Military On Ice

January 31, 2010

So there I was, minding my own business, having popped in from the cold to play some pool (badly), down some drinks (goodly), clog the arteries with some deep fried goodness (high blood pressuredly). I was quietly rocking out to an anti-John Hughes 80s soundtrack punctuated by the occasional Beatles song which may be the perfect way to listen to The Beatles. One song at a time surrounded by a bunch of music that you actually enjoy. Deep in the background on a massive TV the CBC’s Hockey Day in Canada droned on, mutedly.

Then it happened. Pre-Leafs-Canucks game, our waiter turns up the volume on the television. On it, military personnel start appearing and a Hummer pulls up outside an arena in Stratford, Ontario (host to this year’s HDC). Out steps Ron McLean, a garishly dressed Don Cherry (natch) and a similarly attired kid (ghastly). They make their way into the rink and onto the red carpet where they blather on about the Canadianess of the game of hockey, Our Game®©™. Our servicemen (and women) fill up the cutaway shots.

Jump to the ACC in Toronto where the awesome display of martialistic jingoism continues. Members of the army, navy, air force (we have an air force, don’t we?) fill the screen. Some guy who looks like Tom Cochrane in fatigues but isn’t sings some lame Canada is Hockey, Hockey is Canada, And We Love Our Fightin’ Force Who Is Keeping Us Strong And Free song. By which time, I am completely flummoxed. Who handed over pageantry planning to the dunderheaded Don Cherry?!  (Tip of the hat goes to Christine B. for that notion.)

Just when I thought it couldn’t get worse, it did. Spectacularly. Down from the rafters, a figure in full battle regalia awkwardly rappels toward centre ice. Safely landing, it is revealed to be former Leaf great, 85 year-old Johnny Bower. YEAAAAAHHHHHH! YEAAAAHHHHHH FUCKING YEAAAHHHHHH!!!!!!! Johnny Bower in army gear! YEAAAAHHHHHH!!! Wearing a fucking helmet! YEAAAHHHHHHH!!!! What’s next? The dug up remains of Tim Horton and Conn Smythe shot out of a canon? YEAAAHHHHH!!!!!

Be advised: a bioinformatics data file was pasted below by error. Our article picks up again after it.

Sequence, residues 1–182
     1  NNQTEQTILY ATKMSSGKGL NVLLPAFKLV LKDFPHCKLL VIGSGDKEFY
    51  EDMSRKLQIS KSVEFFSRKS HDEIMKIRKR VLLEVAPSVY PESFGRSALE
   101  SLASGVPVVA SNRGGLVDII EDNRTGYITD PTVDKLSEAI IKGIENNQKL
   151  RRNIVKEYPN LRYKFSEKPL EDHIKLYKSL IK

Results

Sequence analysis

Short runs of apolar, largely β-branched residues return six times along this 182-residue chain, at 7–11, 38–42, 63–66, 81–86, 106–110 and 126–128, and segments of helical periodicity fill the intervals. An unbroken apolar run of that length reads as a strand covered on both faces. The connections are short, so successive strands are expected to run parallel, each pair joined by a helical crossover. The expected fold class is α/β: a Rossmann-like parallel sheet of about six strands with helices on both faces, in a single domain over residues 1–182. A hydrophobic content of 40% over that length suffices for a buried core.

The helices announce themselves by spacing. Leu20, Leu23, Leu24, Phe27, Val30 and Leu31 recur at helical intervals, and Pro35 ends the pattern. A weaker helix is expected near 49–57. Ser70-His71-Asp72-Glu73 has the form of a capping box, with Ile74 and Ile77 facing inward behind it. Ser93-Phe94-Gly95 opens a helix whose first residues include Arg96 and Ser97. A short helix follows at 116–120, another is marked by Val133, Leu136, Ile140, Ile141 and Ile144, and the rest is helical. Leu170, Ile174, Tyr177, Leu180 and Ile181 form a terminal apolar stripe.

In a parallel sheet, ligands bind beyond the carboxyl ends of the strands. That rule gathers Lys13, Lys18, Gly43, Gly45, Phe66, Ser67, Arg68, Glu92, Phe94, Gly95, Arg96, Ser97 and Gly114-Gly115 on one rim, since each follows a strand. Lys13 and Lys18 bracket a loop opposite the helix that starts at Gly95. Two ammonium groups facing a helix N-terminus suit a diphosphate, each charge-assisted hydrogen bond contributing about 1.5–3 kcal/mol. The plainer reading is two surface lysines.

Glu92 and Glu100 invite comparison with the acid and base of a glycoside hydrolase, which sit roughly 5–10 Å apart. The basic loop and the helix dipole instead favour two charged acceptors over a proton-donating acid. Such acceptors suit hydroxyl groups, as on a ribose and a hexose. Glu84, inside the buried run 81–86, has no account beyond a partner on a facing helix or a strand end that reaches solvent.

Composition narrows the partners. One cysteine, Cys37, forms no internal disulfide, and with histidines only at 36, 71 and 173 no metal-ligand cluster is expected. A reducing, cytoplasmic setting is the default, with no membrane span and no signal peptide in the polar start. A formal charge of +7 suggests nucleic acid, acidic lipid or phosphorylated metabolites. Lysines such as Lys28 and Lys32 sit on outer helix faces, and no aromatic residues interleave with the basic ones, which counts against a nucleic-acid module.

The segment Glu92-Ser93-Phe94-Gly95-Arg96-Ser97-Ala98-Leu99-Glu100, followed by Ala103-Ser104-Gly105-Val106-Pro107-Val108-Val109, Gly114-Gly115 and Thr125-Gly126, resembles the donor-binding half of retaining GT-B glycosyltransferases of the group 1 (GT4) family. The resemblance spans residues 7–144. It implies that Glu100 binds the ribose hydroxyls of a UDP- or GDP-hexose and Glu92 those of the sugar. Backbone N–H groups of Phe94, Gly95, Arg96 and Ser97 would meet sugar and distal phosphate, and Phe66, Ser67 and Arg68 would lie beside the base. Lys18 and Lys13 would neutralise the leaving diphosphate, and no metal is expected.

What the fuck happened to us? When did we officially become American? Isn’t hockey smash your face, beat your chest macho enough without introducing a dick swinging, I love a man in uniform element to it?

A few years back, I was wandering around Melbourne, Australia, taking in the sights. Now, Australia’s a county that shares much in common with Canada although, unfortunately, not the climate. But on the flipside, we don’t have snakes here that can kill you if you even so much as look into their dark, soulless eyes. Both countries were “founded” by European stock who barbarously de-populated their respective lands of its aboriginal inhabitants. We came of age on the international scene by offering our young men up as fodder in the completely senseless slaughter of World War I. Something in which we take a huge amount of historical pride.

In Melbourne, that pride is on display in the form of numerous cenotaphs and statues throughout the city. It struck me when I was there, how quiet Canadians were in terms of trumpeting our military past. Sure, we’ve got our Vimy monument and tomb of the unknown soldier but we always seemed humble in our acknowledgement.

That seems to have all changed now. Fight fear. Fight chaos. Fight distress. Fight. Fight! FIGHT! FIGHT!! FIGHT!!! YEAAAHHHHHHH!!!! Jack Bauer?! Fuck that. We got Johnny Bower! In fatigues! Dangling from a rope, high above centre ice!

And spare me, the whole support our troops trope. If that’s all you got, then you’ve ceded rational discourse to the lame ass, simple-minded sloganeering of George W. Bush, Don Cherry and Rick Hillier. War should only be used as a last, desperate measure and not wielded as some cheap, easy to score PR stunt. I watch hockey to watch the Leafs lose not to bear witness to our fidelity to the fighting men and women in uniform. That’s what the History Channel’s for.

testily submitted by Cityslikr